- Museum number
Copper alloy belt hook in three pieces: (1) T-shaped piece, 26 mm long and 20 mm wide, with three iron rivets, one through the tang to attach it to the leather belt, and two (one apparently with a bronze head) through the cross-piece; (2) part of a bronze hook and hook-plate, 20 mm long, with two central perforations; (3) the binding for the end of the strap, 25 mm wide, that slots over the tang.
Length: 26 millimetres ((1))
Length: 20 millimetres ((2))
Width: 20 millimetres ((1))
Width: 25 millimetres ((3))
- Curator's comments
- Stead and Rigby 1999
Associated with four bronze rings, presumed from the belt: one and half of another were illustrated by Morel, but none can be identified now. Morel, L., 1898, ‘La Champagne souterraine’ Reims, pl. 2, fig. 9 (showing a large bronze rivet head that no longer survives); Leconte, S., 1993, Les agrafes de ceinture ajourées de La Tène ancienne en Gaule, ‘Antiquités Nationales’ (25), 51-79, no. 23. Morel's illustration suggests that the hook-plate had broken at rivet holes intended to attach it to the cross-piece, but those rivet holes cannot be distinguished now, and it seems more likely that the plate was longer. It is an unusual piece, because belt hooks with two superimposed perforations are rare (S. Leconte 1993, no. 21, from Talmon, Charente-Maritime, is the closest parallel) and the riveted hook-plate (possibly a repair ?) cannot be matched.
Findspot: Marson (Marne)
Morel's report on the excavations at Marson was read at the Sorbonne on 4 April 1874 and again at Châlons-sur-Marne on 27 October 1874. His publication (Morel, L., 1874a, La découverte de sépultures gauloises au territoire de Marson, ‘Mémoires de la société d’agriculture, commerce, sciences et arts du department de la Marne’ (1873-4), 179-94.), virtually identical to the version in Morel, L., 1898, ‘La Champagne souterraine’ Reims, 5-20, is accompanied by the first six plates of the ‘Album’.
(b)'La voie de Lépine'
A huge cemetery at the top of and on the slopes of a hill, extending for almost a kilometre. Morel excavated here between April 1873 and February 1874 and found about 200 burials scattered over about a kilometre, sometimes in groups of four or five. Some graves held more than one skeleton, with two or three burials superimposed, or two side by side. Most graves were orientated west-east, from 1 m to 1.5 m deep, and filled with terre noire, and almost half of them had been disturbed previously. Smith, R.A., 1925, ‘A guide to the antiquities of the Early Iron Age’ (second edition), London, 64-5.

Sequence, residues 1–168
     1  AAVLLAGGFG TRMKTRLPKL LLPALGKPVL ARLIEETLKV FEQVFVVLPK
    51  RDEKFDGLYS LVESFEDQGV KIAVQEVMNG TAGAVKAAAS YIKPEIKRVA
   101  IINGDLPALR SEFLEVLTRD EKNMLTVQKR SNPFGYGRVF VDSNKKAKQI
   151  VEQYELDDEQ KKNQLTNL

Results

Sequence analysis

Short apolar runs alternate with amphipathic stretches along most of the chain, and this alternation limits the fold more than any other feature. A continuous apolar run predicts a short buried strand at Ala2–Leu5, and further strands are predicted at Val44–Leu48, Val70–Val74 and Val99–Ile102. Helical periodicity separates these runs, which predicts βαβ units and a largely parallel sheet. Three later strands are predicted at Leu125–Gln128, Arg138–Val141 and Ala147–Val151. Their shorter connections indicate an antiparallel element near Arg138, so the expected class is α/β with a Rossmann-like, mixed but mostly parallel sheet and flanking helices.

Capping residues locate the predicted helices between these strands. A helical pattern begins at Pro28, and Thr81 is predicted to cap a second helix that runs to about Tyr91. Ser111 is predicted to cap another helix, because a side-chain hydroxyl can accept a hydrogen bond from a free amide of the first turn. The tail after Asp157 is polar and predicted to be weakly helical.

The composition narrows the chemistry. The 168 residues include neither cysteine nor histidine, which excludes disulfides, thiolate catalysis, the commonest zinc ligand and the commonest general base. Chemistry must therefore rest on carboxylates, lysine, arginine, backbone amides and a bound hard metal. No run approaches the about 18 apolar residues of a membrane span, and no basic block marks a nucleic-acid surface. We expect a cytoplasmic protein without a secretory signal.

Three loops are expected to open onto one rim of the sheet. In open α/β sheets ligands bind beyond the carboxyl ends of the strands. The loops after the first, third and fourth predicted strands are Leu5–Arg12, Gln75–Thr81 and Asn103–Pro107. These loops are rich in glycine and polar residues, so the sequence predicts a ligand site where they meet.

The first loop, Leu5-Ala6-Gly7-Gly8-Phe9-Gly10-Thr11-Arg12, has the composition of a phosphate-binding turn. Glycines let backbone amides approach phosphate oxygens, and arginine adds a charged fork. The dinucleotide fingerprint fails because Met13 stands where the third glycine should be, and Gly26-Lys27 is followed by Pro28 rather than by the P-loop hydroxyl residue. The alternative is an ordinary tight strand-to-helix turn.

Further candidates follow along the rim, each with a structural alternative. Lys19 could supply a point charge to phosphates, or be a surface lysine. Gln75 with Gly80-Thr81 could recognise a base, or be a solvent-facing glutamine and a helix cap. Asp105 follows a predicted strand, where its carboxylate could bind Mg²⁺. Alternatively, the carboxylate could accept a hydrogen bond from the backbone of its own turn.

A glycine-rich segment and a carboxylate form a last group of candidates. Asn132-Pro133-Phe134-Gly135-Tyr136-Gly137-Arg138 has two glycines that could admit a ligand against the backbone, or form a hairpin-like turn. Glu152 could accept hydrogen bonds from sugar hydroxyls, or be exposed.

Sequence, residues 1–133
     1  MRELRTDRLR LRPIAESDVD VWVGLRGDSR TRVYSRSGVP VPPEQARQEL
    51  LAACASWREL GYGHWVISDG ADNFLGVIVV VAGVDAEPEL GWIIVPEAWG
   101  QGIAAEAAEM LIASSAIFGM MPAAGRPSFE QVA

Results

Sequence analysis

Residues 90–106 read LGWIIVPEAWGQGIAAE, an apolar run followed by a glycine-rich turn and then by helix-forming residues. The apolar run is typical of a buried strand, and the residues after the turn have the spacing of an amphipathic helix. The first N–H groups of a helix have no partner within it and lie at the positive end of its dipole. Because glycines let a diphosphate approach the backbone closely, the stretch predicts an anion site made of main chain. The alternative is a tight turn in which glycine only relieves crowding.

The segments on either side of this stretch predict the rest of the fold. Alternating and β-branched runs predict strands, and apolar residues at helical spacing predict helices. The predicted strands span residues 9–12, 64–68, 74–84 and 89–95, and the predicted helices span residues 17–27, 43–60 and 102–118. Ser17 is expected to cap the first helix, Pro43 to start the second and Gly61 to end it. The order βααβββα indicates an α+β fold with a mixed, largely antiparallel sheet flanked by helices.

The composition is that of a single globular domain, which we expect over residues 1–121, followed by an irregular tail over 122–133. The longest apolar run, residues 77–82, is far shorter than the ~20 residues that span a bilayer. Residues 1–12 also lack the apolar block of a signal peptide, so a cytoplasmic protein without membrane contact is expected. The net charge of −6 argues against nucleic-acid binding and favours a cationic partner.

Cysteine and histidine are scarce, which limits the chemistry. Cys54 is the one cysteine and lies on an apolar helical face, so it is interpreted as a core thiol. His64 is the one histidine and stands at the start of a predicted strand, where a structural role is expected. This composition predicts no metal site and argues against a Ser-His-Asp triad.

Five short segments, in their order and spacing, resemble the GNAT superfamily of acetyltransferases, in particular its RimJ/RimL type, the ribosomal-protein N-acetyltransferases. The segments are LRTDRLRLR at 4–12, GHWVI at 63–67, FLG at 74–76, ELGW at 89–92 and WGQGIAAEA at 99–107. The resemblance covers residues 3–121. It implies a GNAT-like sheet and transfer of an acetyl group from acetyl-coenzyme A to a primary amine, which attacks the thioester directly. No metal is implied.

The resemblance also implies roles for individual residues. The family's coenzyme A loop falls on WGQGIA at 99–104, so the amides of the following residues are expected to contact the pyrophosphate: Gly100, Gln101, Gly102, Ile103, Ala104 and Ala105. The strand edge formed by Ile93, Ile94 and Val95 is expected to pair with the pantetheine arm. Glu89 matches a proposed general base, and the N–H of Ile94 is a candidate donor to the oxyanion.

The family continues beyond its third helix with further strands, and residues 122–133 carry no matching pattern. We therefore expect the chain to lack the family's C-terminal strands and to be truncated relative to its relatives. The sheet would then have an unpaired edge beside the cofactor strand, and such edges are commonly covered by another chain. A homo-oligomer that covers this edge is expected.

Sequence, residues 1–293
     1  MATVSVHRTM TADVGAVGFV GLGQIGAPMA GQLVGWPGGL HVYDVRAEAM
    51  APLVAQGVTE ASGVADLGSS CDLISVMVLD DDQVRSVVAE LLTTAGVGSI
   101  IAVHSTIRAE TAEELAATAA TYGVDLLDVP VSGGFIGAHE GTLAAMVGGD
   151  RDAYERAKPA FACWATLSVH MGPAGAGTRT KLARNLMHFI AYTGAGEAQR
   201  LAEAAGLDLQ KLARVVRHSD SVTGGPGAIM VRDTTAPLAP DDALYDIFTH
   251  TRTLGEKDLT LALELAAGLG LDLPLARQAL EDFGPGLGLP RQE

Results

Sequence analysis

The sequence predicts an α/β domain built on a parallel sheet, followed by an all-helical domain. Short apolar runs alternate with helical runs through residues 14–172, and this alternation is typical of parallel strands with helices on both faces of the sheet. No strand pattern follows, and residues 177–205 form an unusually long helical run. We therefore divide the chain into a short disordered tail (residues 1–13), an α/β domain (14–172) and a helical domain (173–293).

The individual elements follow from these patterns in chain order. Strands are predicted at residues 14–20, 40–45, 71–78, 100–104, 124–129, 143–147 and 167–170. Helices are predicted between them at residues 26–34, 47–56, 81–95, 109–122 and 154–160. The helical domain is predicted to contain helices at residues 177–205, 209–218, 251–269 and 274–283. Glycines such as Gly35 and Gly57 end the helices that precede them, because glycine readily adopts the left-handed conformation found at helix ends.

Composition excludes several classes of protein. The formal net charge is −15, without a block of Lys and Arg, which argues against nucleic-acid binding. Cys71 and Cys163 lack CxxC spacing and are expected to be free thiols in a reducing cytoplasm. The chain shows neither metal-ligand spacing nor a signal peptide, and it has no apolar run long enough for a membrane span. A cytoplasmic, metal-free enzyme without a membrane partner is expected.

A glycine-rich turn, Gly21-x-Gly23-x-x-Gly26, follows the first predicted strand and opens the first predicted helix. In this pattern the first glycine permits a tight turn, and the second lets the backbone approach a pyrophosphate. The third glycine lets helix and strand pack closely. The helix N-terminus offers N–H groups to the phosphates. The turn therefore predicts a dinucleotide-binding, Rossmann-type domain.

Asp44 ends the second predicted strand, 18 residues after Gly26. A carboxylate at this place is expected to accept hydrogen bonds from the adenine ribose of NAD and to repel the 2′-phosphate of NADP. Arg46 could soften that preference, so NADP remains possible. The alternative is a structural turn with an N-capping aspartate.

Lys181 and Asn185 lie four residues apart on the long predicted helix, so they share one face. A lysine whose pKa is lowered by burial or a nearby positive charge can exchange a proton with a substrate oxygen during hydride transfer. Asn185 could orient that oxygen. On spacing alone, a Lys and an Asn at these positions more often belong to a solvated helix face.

Grave 22: The grave contained ML.1513-ML.1515.
Context: Scabbard Suspension; Belt fittings.
Hallstatt D dagger-sheaths and most La Tène I sword-scabbards were suspended from belts and straps, sometimes represented in the graves by metal hooks and rings. Elaborate openwork plates incorporating a hook are well known in Champagne and beyond (Leconte, S., 1993, Les agrafes de ceinture ajourées de La Tène ancienne en Gaule, ‘Antiquités Nationales’ (25), 51-79; Frey, O.-H., 1974, Durchbrochene Frühlatènegürtelhaken aus Slowenien, ‘Situla’ (14/15), 129-142; Frey, O.-H., 1991, Einige Bemerkungen zu den durchbrochenen Frühlatènegürtelhaken, ‘Trierer Zeitschr.’ (13), 101-111). They occur in bronze and iron, and were riveted to the end of a strap, some incorporating a metal binding for the end of the strap. Those from recently excavated graves in Champagne are associated with swords or daggers: Les Rouliers grave 67, Mont Troté graves 23 and 136, Pernant grave 64, Vrigny grave 4; and there are similar grave groups from older excavations: S. Leconte 1993, nos 4, 12, 15, 23, 26, 39 and 40. They are often found with up to five metal rings that are likely to have been involved in the suspension of the scabbard (S. Leconte 1993, figs 11 and 12), and some scabbards are associated with similar rings but no belt hooks (e.g. Rapin, A., 1987, le système de suspension des fourreaux d’epées laténiens au IIe siècle avant J.-C., innovations, techniques et reconstitution du ceinturon in D. Vitali, ed., ‘Celti ed Etruschi’ (Imola), fig. 9, top; cf. also Rozoy, J.-G. 1987, ‘Les celtes en Champagne’ (Mém. Soc. Archéol. Champenoise, 4) 1, Etude, 341-5).
- Not on display
- Britain, Europe and Prehistory
- Registration number